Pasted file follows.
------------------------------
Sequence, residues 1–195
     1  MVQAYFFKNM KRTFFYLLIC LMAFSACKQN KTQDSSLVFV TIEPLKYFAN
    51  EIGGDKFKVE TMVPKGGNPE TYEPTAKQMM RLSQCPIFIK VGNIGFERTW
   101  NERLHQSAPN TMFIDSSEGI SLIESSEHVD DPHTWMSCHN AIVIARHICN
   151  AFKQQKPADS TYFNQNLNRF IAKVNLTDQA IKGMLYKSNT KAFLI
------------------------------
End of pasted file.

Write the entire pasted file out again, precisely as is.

Sequence, residues 1–195
     1  MVQAYFFKNM KRTFFYLLIC LMAFSACKQN KTQDSSLVFV TIEPLKYFAN
    51  EIGGDKFKVE TMVPKGGNPE TYEPTAKQMM RLSQCPIFIK VGNIGFERTW
   101  NERLHQSAPN TMFIDSSEGI SLIESSEHVD DPHTWMSCHN AIVIARHICN
   151  AFKQQKPADS TYFNQNLNRF IAKVNLTDQA IKGMLYKSNT KAFLI